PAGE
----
Steven Scansaroli on Why Poor People Are Often More Philanthropic
Steven Scansaroli has made it his mission to make people aware of what is known as the “compassion deficit”. This is a recognized social construction that leads to poor people, on average, being more generous than rich people. Various surveys, including information Facebook and social media posts and formal scientific experiments conducted by the top health executive of the country, have shown this. What they have shown is that, as a proportion of their income, those on lower incomes give far more to charity than those on higher incomes.
Steve Scansaroli on the Compassion Deficit
In recent news, it was once again noted that those who are members of the lower income groups are more likely to be helpful, trusting, charitable, and generous than those who have a lot of wealth. It seems that those in lower income have greater empathy to the fact that other people need help and they tend to believe more strongly in egalitarianism. Those on lower incomes often search out opportunities to give on a daily basis, helping a long term unemployed pay for an interview suit, supporting people following an accident, increasing sales in local businesses, and more. There are numerous forums online with posts that point people in the direction of anonymous giving, and these are hugely successful.
However, that doesn’t mean that rich people are only focused on their own advancement, nor that they are selfish. Indeed, research has shown quite the opposite. In psychological tests whereby participants were asked to watch videos encouraging sympathy, or in test in which people were asked to imagine themselves being part of a different income group, the results were quite shocking. Those of wealthier incomes were as good at experiencing sympathy as the lower incomes, but when lower income individuals imagined themselves as wealthier, their altruism levels dropped, whereas they increased when high income individuals imagined themselves as being poor. It seems, therefore, that there is a direct correlation between lower incomes and compassion and empathy.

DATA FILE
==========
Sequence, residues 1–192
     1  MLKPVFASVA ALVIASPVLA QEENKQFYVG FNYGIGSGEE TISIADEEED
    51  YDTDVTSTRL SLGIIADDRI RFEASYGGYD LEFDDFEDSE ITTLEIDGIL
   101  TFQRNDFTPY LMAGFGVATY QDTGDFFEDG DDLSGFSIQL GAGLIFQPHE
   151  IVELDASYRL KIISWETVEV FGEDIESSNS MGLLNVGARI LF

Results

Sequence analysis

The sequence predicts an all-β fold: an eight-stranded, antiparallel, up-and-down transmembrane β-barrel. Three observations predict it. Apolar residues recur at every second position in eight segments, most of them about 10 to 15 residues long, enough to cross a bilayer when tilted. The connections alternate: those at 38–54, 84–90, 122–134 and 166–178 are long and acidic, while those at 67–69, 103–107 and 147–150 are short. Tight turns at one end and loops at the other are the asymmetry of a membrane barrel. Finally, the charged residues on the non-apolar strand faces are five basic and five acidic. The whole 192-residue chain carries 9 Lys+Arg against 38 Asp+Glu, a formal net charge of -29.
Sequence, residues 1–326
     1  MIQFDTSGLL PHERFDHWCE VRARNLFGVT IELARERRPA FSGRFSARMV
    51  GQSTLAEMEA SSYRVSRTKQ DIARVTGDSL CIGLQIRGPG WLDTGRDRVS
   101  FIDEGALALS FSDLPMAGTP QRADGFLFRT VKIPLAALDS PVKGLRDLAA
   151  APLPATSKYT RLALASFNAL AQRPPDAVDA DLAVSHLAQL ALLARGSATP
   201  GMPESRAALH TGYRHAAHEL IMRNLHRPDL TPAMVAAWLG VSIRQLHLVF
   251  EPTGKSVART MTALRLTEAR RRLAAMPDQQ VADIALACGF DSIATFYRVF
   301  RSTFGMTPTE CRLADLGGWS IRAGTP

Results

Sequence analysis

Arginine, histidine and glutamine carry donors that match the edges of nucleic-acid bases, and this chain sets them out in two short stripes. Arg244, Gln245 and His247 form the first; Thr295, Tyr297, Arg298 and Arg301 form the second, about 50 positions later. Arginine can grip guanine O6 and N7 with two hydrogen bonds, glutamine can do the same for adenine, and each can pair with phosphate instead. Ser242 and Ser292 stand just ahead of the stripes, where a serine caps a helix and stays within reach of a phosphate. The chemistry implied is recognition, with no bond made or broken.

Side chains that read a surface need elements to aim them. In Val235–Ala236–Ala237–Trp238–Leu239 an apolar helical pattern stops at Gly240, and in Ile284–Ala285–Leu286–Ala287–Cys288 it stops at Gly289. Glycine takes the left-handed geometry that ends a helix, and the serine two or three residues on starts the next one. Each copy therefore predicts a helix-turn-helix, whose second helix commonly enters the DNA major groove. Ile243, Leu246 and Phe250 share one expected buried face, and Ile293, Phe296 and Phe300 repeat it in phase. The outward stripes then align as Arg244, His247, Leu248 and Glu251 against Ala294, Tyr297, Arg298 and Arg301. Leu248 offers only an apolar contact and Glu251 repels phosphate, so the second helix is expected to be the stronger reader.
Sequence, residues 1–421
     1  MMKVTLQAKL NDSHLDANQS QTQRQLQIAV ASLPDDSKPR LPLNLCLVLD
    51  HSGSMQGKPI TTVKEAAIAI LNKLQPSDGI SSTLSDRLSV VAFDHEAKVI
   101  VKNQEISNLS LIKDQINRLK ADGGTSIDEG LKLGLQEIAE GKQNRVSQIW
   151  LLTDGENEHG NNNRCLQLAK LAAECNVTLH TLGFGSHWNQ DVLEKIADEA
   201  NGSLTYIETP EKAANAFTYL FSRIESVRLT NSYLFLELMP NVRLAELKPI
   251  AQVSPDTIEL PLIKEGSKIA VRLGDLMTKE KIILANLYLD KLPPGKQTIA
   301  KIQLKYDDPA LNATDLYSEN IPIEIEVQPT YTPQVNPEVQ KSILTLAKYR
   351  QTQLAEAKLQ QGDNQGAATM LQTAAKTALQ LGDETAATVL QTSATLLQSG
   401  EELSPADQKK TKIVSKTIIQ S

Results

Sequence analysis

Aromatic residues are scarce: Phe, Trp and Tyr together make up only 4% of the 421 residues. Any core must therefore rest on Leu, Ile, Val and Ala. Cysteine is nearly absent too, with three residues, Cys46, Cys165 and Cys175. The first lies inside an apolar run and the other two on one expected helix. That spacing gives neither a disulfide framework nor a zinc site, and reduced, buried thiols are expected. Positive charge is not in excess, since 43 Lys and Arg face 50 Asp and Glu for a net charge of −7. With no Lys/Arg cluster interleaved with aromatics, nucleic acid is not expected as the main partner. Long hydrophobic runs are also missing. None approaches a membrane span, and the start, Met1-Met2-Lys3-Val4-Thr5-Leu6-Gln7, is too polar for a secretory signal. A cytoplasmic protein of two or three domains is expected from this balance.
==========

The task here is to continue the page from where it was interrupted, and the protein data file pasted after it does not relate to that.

To Steve Scansaroli, this is no surprise. People find it easier to identify with those in the same social constructions as them. Poor people understand what it means to be poor. The rich will give to huge causes that they come across as part of their charitable benefits, whereas the poor are more likely to go directly to a neighbor and offer assistance. That is because the rich are far less likely to find themselves facing real poverty; not because of a lack of compassion, therefore, but rather a lack of understanding.
At the same time, the gap between rich and poor is continuing to grow. It will become increasingly difficult for someone in the lower incomes to become rich, therefore, and it will also become increasingly difficult for people to project themselves onto those in other income brackets. While the rich will continue to give, it will likely forever be proportionally less as they find it increasingly difficult to understand what it means to have nothingy.